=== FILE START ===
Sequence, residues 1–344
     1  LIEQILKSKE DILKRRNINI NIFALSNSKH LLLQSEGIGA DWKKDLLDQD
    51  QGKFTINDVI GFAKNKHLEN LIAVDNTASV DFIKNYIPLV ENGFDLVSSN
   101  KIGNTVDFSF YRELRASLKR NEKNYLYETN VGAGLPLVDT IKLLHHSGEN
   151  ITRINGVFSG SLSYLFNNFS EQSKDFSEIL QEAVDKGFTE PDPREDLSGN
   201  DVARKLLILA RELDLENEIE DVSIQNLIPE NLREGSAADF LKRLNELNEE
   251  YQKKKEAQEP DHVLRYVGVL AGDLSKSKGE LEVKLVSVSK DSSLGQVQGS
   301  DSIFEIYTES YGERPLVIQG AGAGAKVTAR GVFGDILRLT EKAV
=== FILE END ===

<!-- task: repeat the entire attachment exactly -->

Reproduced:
Sequence, residues 1–344
     1  LIEQILKSKE DILKRRNINI NIFALSNSKH LLLQSEGIGA DWKKDLLDQD
    51  QGKFTINDVI GFAKNKHLEN LIAVDNTASV DFIKNYIPLV ENGFDLVSSN
   101  KIGNTVDFSF YRELRASLKR NEKNYLYETN VGAGLPLVDT IKLLHHSGEN
   151  ITRINGVFSG SLSYLFNNFS EQSKDFSEIL QEAVDKGFTE PDPREDLSGN
   201  DVARKLLILA RELDLENEIE DVSIQNLIPE NLREGSAADF LKRLNELNEE
   251  YQKKKEAQEP DHVLRYVGVL AGDLSKSKGE LEVKLVSVSK DSSLGQVQGS
   301  DSIFEIYTES YGERPLVIQG AGAGAKVTAR GVFGDILRLT EKAV